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My question is language transcendent, I've often found prototypes of "copy" functions define parameters in the order: argument1:"destination" then argument2:"source". It is the case of memcpy for example in C. But it is NOT the case of file copy on bash ! You say, e.g.: "$ cp file file2" where file2 is the new file. Which makes much more sense to me, we always say "copy that text here please" and not "copy here that text" which is Yoda-esque.

So the true question is: a good API should use what form (order) ? and maybe another subsidiary question: what form is everybody expecting, if there is any ?

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closed as not constructive by John Saunders, Pascal Cuoq, utdemir, Jim Lewis, Bo Persson Aug 14 '11 at 13:57

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This question has been asked already here. I am trying to find it, though, help me. :) –  Shi Aug 13 '11 at 21:58
    
I don't find the answer anymore, so I give a short summary: x86 assembly uses "mnemocode destination, source", like "mov ah, 17h", in school we learn that "y = 17 * x", and when speaking we say "y is 17 times x". And in most (natural) languages, the subject comes before the verb. So again, "y is 17 times x". But at the same time, if you move a box, you say, "move this box over there next to the wall". In that case, the source ("what" = subject) is first, and the destination second. –  Shi Aug 13 '11 at 22:15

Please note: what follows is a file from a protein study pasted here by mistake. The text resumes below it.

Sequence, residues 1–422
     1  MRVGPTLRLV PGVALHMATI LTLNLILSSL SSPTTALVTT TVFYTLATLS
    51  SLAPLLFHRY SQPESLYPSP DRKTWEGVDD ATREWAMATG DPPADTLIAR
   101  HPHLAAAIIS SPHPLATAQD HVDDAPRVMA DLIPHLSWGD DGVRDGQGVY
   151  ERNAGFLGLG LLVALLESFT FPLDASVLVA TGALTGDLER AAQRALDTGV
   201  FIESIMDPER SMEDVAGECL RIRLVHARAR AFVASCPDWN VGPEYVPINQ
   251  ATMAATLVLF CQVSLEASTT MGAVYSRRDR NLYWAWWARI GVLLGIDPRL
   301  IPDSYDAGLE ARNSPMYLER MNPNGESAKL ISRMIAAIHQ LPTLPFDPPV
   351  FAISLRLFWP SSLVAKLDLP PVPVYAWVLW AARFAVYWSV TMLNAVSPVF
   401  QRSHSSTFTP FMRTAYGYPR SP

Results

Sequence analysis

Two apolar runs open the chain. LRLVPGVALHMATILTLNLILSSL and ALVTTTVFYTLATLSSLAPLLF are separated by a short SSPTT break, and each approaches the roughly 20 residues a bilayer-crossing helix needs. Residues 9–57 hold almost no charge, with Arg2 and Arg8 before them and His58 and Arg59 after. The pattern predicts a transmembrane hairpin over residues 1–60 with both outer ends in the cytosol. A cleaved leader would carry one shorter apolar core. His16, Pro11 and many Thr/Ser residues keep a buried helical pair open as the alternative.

@shi, note that when using gas (the GNU assembler) it's inverted: mv $17, %ah, so I'm not sure that assembly is a good argument. –  Alexis Wilke Dec 29 '12 at 1:52

2 Answers 2

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I expect source to come first, and destination later.

If you can disambiguate in the language, it would be better. For example, in a OO language:

source.copyTo(destination);

In a language with named parameters:

copy(source: s, destination: d);

The important think is to make clear what's going on for people reading the code. Code is more often read than it's written.

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I've always preferred source-destination (I'm pushing from here to here), but it probably also depends on the call. If it's only 'copy' you're referring to, I think this works. I'm sure there's there are other pull oriented calls that dest-source would apply better to.

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